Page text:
In her latest post, my fellow blogger, Lisa Golden, asks the question, “Imagine 1987 as the future and not the shrinking image in the rearview mirror. What do you see?”
At first I thought I’d do the usual thing and post a comment. But as I started thinking about it, I realised that the question was just too good for that. And then I discovered that I didn’t really want to imagine that year, a quarter of a century ago, as the future, but rather remember it as it was then. And, instead of replying on Lisa’s blog, writing something about it here.
Although, when I think about it, I suppose I can remember it as the future if I just place myself in the me that was then, seeing in the New Year for the first time in Western Germany, watching the fireworks rising into the sky above the Rhine and Cologne Cathedral illuminating a snowy city, wondering what the year would bring, still marvelling at the amazing new life I had begun, only a few months earlier, to lead.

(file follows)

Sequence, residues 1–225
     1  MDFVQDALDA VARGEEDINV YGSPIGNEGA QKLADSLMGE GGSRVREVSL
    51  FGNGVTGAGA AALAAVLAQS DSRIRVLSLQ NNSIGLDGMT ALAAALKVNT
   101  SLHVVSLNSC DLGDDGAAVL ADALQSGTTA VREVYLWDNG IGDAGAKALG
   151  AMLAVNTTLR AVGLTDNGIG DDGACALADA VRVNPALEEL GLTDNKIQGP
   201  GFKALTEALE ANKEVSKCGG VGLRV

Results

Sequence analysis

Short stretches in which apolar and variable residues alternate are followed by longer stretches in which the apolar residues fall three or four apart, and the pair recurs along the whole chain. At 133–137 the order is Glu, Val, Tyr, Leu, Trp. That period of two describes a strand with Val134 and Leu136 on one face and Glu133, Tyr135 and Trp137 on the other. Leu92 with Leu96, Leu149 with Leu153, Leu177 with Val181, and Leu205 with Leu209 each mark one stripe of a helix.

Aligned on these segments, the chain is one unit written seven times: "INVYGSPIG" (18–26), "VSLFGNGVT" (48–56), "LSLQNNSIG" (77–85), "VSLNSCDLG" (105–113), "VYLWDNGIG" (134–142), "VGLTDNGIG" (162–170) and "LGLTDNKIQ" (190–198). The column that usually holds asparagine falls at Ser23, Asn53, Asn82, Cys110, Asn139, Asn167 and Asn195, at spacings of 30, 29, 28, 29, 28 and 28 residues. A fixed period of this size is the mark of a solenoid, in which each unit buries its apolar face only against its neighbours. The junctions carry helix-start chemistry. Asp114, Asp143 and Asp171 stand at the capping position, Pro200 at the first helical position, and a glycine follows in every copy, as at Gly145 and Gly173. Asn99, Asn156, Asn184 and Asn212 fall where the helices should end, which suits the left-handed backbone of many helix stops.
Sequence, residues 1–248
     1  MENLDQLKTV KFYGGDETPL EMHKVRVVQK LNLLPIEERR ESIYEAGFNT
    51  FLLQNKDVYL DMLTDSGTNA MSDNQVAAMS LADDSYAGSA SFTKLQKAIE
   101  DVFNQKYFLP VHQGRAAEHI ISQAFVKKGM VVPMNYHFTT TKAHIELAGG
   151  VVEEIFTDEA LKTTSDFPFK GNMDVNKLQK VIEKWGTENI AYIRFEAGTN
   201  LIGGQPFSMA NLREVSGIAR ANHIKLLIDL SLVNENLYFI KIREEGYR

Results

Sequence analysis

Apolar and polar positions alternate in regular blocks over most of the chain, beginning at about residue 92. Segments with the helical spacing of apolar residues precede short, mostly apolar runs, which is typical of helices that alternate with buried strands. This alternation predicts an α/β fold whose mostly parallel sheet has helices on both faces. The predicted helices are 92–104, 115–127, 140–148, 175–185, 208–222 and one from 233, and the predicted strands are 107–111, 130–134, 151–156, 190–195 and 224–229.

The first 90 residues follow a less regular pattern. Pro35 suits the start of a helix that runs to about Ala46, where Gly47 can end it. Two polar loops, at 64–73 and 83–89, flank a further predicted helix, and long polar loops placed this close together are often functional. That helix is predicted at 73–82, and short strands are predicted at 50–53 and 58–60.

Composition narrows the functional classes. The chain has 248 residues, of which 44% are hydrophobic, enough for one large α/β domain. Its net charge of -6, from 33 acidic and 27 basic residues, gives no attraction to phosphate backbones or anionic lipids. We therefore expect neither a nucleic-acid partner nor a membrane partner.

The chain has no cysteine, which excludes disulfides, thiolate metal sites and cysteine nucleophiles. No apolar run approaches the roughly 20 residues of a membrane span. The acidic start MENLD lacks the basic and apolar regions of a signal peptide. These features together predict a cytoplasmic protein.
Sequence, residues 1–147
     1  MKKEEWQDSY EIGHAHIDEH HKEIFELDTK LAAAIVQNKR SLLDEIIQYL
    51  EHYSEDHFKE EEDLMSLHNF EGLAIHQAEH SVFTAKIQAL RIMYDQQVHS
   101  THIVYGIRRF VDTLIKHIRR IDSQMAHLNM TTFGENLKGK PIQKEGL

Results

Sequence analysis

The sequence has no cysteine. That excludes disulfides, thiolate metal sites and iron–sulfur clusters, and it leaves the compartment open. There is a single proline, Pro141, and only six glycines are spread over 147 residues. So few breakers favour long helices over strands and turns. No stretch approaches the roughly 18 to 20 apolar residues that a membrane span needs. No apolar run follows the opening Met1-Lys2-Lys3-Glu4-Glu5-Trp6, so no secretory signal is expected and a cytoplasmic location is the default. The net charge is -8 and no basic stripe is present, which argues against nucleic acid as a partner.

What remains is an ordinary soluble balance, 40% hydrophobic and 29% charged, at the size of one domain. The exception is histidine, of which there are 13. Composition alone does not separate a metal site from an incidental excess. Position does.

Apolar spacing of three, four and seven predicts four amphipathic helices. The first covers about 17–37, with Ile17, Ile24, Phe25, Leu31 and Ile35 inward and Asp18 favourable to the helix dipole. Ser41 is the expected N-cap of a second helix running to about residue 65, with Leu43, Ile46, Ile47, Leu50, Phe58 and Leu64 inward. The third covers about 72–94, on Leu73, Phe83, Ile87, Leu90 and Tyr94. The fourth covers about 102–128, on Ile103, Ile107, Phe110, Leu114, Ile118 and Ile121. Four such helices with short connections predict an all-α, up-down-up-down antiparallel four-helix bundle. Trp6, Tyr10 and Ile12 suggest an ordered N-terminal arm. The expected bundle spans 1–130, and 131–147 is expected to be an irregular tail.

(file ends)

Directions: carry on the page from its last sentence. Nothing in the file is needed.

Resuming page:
For in the previous year, fuelled by the irresistible, all-devouring power of falling head over heels, completely, totally in love, I had trashed all the certainties and goals of my life up till then, abandoning my life and existence as a Catholic priest to start a new life in a new country. We had dared to take the words of Bowie’s Absolute Beginners (one of the big hits of 1986 and one of the songs we used as the soundtrack for the perfect microcosm of our dramatic love story) literally, “As long as we’re together / the rest can go to hell,” and set up our love-nest in Heidelberg. We were visiting the Rhineland where Eva’s family lived for the holidays, which was why we were greeting the New Year 1987 in